In August 2014, ISIS overran the ancestral homeland of the Yazidis, killing thousands of men in Sinjar and enslaving thousands of women and children in what the United Nations would later call a genocide. At the time, ISIS controlled about a third of both Iraq and Syria.

Roughly 2,800 Yazidis are still missing, according to the Yazidi Rescue Bureau in Iraq’s Kurdistan Regional Government.

UN investigators said their probe, in partnership with the Iraqi judiciary, security services and Directorate of Military Intelligence, has now reached a "pivotal moment" set to bring ISIS fighters to justice and fill information gaps in ongoing proceedings.

'A paradigm shift'

Included in the evidence are phone records that link the timing and location of specific IS fighters to the incidents they are being accused of. Investigators have also helped to preserve data storage units, images, videos and IS documents that would also be relevant for future prosecution, according to AP.

The data trove has "the potential to represent a paradigm shift in the prosecution of ISIS members,

The team said it has set up another two field investigation units that will look into crimes committed by ISIS against Christian, Kakai, Shabak, Sunni and Turkmen Shia communities in Iraq.

In September 2017, the UN Security Council voted unanimously to help Iraq preserve evidence for what "may amount to war crimes, crimes against humanity and genocide" committed by ISIS in Iraq and Syria.

ISIS fighters are also on trial in Germany for crimes committed against the Yazidi people, including attempted genocide and the murder of a Yazidi child.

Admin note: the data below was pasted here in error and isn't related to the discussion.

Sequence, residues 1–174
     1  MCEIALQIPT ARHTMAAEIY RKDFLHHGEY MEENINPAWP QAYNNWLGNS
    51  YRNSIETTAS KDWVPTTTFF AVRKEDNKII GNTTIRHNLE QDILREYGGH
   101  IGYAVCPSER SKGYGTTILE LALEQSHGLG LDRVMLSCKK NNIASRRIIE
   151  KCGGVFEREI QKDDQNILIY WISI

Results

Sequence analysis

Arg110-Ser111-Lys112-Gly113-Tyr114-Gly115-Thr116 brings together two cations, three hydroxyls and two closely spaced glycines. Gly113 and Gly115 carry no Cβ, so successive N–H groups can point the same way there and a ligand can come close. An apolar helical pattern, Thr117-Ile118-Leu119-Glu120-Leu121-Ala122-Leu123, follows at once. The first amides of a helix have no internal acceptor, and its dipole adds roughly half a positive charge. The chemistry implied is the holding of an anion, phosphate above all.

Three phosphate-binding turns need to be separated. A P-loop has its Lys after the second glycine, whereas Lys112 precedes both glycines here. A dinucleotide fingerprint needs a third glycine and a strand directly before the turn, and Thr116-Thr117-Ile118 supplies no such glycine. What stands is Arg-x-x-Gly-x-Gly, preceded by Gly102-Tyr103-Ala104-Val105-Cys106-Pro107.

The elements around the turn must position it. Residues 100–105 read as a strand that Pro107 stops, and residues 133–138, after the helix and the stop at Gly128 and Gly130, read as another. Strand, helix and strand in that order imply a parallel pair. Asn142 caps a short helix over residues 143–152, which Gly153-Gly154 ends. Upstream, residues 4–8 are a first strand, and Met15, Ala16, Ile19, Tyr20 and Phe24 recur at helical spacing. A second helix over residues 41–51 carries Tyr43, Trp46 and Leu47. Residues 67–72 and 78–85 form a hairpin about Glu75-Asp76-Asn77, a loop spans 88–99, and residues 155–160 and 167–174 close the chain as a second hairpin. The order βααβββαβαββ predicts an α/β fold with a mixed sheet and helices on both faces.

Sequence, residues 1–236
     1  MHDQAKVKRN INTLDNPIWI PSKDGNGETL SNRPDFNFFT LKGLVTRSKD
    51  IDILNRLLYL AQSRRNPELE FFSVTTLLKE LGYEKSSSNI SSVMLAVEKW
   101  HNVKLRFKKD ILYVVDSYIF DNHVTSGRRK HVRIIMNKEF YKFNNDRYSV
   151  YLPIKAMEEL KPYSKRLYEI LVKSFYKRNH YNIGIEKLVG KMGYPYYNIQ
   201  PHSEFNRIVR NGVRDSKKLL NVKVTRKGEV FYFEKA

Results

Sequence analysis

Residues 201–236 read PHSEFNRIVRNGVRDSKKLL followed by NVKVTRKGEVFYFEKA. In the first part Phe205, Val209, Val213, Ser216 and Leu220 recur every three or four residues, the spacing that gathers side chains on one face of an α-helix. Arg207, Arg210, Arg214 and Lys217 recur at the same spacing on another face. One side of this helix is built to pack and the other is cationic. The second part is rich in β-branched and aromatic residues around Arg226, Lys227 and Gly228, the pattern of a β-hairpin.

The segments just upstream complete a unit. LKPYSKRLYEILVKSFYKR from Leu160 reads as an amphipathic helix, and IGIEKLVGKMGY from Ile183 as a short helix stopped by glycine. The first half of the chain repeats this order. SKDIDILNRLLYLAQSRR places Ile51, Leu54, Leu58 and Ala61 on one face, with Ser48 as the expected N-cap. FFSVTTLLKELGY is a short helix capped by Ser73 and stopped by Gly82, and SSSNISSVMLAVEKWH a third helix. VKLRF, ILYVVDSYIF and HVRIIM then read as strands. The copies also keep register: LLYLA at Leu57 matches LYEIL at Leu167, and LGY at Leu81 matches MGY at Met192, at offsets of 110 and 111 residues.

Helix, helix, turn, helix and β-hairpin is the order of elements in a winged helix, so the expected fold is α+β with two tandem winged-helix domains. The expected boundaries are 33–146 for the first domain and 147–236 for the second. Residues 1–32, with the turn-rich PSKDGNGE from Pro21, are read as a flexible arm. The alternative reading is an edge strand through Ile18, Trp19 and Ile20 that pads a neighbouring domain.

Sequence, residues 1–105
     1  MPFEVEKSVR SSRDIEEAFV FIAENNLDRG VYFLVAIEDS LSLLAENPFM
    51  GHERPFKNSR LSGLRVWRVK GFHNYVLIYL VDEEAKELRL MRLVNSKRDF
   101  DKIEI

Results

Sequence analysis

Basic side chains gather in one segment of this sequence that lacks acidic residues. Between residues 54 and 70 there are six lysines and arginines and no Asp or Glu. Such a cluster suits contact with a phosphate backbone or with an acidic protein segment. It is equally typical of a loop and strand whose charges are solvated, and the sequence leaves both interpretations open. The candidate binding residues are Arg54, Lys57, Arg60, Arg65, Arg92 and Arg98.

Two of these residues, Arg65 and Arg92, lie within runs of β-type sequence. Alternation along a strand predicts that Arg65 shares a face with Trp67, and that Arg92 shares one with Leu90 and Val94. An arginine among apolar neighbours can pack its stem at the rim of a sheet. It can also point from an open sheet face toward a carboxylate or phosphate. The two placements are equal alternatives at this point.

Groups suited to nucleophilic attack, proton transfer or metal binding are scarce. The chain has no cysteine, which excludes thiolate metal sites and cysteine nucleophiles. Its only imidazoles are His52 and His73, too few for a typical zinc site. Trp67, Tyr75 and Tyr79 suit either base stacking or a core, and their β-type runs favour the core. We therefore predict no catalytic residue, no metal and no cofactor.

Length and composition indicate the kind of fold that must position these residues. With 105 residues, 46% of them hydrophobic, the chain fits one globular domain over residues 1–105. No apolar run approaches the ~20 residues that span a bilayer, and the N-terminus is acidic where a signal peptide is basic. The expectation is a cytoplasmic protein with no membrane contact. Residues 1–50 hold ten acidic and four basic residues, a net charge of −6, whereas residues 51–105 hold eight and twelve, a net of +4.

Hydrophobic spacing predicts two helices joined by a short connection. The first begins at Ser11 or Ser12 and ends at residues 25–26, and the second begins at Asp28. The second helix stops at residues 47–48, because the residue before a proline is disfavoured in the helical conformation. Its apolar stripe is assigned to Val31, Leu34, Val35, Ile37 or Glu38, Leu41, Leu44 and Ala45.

In February, Kurdish forces in Syria said they planned to hold trials for 1,000 foreigners in their custody who are suspected of having fought with ISIS.

https://www.middleeasteye.net/news/iraq ... ed-yazidis
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Re: Yazidi UPDATES genocide has occurred and is ongoing

PostAuthor: Anthea » Thu May 21, 2020 12:12 pm

Investigators build case for
ISIS crimes against Yezidis


He was burly, with piercing blue eyes, and it was clear he was in charge when he entered the Galaxy, a wedding hall-turned-slave pen in the Iraqi city of Mosul. Dozens of Yezidi women and girls huddled on the floor, newly abducted by Islamic State group (ISIS) militants

He walked among them, beating them at the slightest sign of resistance. At one point, he dragged a girl out of the hall by her hair, clearly picking her for himself, a Yezidi woman – who was 14 when the incident occurred in 2014 – recounted to The Associated Press.

This was Hajji Abdullah, a religious judge at the time and labeled one of the architects of the militant group’s enslavement of Iraq’s Yezidi religious minority, who rose to become deputy to ISIS leader Abu Bakr al-Baghdadi. He’s believed to be the late al-Baghdadi’s successor, identified only by the pseudonym Abu Ibrahim al-Hashimi al-Qurayshi.